Source: Unwanted Witness (Kampala)
What we discovered
In Uganda, the National Identity System has its headquarters in Kololo with over 117 service centres countrywide. Conversely, there are still glaring gaps within the system leading to unnecessary delays in the acquisition of a legal National Identity card.
As of March 2020, NIRA had received 29.3 million applications for the Identification Register, representing roughly 68% of all Ugandan citizens. Of these applicants, 25.0 million had received NINs, had printed only 18.3 million NICs, and 15.2 million individuals had actually received a NIC. This leaves a shortfall of 3.1 million NICs printed but not issued causing backlogs.
NIRA continues to share citizens’ data between Ministries, Departments and Agencies (MDAs) without transparent reports to the public. They rarely seek consent from the owners of the data (citizens) because NIRA and the MDAs sign the Memorandum of Understandings “behind curtains.”
Ministries and administrative bodies have moved quickly and aggressively to revise procedures such that only individuals with a valid NIC can access their services or programs. In such situations, written NINs are rarely sufficient for access because digital authentication systems for NICs are still generally unavailable.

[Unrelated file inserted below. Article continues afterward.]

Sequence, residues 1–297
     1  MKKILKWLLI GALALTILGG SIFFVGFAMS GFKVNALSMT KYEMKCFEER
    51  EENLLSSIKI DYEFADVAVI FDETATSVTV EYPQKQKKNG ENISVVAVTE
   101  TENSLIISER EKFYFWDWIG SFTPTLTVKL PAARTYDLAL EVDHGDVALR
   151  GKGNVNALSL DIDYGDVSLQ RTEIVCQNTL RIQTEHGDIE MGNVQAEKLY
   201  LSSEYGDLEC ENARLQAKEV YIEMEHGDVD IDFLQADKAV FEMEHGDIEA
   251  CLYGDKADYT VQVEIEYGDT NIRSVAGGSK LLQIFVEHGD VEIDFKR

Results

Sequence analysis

Public service providers requiring a NIC as a proof of identity only request to see the physical ID but they do not scan the card. This details on how much the system is still manual.
The insufficiency in data integration equipment and the exhaustion resulting delays in ID issuance justifies why the mandatory use of NIC to access services should be suspended. Since the establishment of NIRA in 2016, minimum efforts have been undertaken to improve the system efficiency